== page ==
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Russia uses regime-SDF tensions to expand presence in northeast Syria

Syrian Democratic Forces continue to besiege the Syrian regime in Hasakah province in northeastern Syria, amid fears of an escalation between the two parties.

ALEPPO, Syria — Tensions are escalating between Syrian regime forces and Kurdish-led Syrian Democratic Forces (SDF) in Hasakah province in northeast Syria.

Clashes broke out in the city of Qamishli on Jan. 23 between the regime-affiliated National Defense Forces and the SDF-affiliated internal security forces known as Asayish. The National Defense Forces in Qamishli blamed the SDF for the clashes in a Facebook post, saying, “Some people were shooting in the air to celebrate a wedding that was taking place near the positions of the Syrian army. Following that, the Asayish shot at the Syrian army checkpoints in the area, which prompted an immediate response [from the army].”

Asayish accused members of the National Defense Forces of attacking their inspection checkpoints and firing live bullets at them, to which the Asayish responded. In a media statement, Asayish said, “In coordination with the relations office affiliated with our forces, the Russian forces worked to restore calm in the city. The Russians also pledged that the National Defense [Forces] militia will not repeat such actions.”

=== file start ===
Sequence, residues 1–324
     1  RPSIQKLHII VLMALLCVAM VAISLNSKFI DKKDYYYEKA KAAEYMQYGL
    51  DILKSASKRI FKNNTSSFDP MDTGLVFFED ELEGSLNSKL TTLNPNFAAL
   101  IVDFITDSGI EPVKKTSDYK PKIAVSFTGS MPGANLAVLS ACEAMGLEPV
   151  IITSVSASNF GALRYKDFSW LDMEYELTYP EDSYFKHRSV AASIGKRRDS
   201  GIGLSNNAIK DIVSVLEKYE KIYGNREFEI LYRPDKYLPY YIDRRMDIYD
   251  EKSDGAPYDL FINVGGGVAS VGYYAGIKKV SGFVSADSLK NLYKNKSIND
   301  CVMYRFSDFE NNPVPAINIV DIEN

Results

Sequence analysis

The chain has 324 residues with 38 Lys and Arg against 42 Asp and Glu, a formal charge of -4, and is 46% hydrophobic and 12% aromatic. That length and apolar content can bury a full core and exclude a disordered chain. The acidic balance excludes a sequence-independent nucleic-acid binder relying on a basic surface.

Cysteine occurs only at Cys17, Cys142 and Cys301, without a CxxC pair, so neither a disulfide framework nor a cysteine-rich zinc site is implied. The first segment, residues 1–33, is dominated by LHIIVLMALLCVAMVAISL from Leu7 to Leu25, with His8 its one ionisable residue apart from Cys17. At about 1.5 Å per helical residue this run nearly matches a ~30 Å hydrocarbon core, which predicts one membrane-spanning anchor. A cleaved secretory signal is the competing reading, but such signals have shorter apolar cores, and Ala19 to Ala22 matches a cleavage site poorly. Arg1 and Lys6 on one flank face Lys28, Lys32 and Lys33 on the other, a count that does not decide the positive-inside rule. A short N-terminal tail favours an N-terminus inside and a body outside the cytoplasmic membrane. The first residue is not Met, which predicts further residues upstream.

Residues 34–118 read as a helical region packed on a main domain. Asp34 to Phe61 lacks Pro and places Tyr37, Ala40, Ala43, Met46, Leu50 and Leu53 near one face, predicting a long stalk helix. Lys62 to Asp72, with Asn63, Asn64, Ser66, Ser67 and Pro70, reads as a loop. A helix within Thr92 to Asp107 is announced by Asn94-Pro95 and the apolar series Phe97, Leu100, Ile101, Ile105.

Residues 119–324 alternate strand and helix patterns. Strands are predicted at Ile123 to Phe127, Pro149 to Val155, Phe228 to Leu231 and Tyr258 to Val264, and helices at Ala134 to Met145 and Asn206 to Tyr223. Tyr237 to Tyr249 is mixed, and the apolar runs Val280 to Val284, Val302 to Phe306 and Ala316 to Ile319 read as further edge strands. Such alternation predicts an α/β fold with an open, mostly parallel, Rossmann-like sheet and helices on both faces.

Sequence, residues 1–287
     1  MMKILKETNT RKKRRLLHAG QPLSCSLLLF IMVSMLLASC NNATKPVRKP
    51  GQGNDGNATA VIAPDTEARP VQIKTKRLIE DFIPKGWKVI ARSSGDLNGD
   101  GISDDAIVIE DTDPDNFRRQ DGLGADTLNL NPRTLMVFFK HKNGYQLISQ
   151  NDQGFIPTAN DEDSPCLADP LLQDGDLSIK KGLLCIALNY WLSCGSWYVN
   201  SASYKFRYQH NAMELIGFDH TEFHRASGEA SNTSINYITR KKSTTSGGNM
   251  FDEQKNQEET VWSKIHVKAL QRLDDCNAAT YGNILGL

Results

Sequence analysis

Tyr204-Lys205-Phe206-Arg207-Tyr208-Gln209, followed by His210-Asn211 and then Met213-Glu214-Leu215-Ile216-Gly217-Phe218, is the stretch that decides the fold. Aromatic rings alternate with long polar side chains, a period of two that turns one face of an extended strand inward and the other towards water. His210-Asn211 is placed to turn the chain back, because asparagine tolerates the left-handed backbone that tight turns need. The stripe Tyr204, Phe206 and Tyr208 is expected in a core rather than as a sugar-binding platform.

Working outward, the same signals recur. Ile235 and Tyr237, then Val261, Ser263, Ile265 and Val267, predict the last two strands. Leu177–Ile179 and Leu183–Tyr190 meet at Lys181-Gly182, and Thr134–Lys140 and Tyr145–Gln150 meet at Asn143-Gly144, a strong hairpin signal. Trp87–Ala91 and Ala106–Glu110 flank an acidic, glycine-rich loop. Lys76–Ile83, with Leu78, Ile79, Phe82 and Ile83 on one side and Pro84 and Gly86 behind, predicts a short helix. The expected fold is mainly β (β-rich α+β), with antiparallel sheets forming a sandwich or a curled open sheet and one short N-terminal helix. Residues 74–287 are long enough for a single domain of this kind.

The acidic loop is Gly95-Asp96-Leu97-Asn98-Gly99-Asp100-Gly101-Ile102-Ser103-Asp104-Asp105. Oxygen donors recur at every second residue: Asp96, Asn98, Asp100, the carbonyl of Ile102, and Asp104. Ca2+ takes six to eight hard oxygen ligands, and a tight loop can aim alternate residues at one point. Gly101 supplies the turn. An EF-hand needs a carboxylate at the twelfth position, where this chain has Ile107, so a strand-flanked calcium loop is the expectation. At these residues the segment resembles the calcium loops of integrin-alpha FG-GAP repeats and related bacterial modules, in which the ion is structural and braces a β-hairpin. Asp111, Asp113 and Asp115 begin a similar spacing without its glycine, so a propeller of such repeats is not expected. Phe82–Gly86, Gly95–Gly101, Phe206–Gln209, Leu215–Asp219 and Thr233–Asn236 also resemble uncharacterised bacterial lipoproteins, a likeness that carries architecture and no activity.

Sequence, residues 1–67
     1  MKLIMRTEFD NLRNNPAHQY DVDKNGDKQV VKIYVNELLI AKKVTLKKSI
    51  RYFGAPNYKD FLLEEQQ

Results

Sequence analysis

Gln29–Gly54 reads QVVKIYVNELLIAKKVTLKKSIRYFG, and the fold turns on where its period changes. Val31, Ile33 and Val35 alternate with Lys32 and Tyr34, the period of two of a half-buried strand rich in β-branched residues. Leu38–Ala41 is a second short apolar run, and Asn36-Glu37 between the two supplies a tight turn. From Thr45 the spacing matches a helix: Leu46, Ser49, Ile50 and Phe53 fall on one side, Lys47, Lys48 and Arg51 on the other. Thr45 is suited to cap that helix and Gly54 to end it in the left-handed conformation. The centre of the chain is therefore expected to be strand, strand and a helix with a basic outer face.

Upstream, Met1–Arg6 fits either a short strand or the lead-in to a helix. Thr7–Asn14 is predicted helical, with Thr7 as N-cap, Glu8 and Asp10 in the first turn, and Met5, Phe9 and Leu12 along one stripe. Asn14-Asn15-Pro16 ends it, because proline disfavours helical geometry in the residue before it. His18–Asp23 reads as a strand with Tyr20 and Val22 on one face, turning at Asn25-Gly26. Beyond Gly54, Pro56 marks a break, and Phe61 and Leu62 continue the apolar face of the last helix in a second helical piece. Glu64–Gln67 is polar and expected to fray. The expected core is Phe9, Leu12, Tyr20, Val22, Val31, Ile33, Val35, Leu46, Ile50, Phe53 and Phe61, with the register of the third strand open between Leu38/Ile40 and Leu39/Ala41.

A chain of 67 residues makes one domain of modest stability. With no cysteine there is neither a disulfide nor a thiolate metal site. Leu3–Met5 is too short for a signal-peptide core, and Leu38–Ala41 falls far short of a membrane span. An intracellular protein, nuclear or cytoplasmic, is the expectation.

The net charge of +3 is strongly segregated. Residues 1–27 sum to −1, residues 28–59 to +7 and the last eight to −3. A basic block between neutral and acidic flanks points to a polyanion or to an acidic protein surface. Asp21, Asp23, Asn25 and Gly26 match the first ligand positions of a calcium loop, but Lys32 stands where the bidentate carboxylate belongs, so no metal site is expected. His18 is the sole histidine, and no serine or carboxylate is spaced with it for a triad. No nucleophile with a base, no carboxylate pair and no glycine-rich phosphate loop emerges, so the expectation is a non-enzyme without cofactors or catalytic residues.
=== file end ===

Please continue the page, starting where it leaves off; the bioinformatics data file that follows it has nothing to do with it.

Still, the clashes resumed during the night of Jan. 23, leading to a number of injuries among the ranks of the National Defense Forces.

Tensions between the regime and SDF began to appear in early January. On Jan. 2, a man who the SDF said belonged to the National Defense Forces threw a bomb at an SDF security patrol in central Hasakah. The incident killed one person and injured 20 others, including members of the security patrol, according to the local North Press Agency.

Meanwhile, the SDF has besieged al-Tayy and Halko neighborhoods in Qamishli in the countryside of Hasakah. The siege extended to the regime’s positions in Tal Tamr in the countryside of Hasakah and the neighborhoods in central Hasakah city, including the Security Quarter where the official regime security departments are located.

Russia, for its part, is working to deescalate the situation by mediating between the two parties. These efforts coincide with Russia’s military reinforcements in Hasakah province. The Russian Rusvesna website reported on Jan. 22 that aircraft belonging to the Russian air force are transporting Russian forces to the Qamishli military airport in Syria. According to the Russian TASS agency, members of the Russian military police and more than 300 Russian military forces were aboard these aircraft.

The SDF has reportedly issued a set of demands in exchange for lifting the siege imposed on the regime’s positions in Hasakah province. The regime considered these demands an attempt by the SDF to achieve gains in the area and in other provinces and expressed its forces’ readiness for any confrontation or escalation against the SDF.

Questions arise as to what the SDF’s demands are and whether they constitute a pressure card used by the SDF to weaken the regime’s influence in Hasakah province, or whether they are a prelude to the regime’s expulsion from the area. Meanwhile, questions are also on the table about the Russian mediating role in this dispute.